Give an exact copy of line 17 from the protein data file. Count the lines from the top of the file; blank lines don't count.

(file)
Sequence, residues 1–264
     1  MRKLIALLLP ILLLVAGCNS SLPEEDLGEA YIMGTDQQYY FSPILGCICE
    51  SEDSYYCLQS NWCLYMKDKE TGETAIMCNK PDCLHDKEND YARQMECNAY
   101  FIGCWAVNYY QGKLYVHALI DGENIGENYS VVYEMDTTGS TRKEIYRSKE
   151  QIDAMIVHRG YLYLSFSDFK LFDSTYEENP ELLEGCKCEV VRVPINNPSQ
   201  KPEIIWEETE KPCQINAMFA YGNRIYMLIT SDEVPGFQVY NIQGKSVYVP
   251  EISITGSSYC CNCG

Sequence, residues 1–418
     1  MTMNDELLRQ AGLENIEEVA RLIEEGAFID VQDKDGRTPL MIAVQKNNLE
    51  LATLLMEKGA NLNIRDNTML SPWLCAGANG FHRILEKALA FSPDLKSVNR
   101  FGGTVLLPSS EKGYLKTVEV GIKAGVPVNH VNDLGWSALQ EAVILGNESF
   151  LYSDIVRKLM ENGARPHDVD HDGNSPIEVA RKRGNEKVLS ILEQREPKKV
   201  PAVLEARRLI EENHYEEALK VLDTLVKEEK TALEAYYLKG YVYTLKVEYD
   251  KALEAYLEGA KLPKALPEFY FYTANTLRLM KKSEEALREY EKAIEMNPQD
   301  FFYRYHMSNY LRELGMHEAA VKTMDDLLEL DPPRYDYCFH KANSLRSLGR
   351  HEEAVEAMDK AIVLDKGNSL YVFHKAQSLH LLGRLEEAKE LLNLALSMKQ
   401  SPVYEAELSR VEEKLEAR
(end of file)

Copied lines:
   401  SPVYEAELSR VEEKLEAR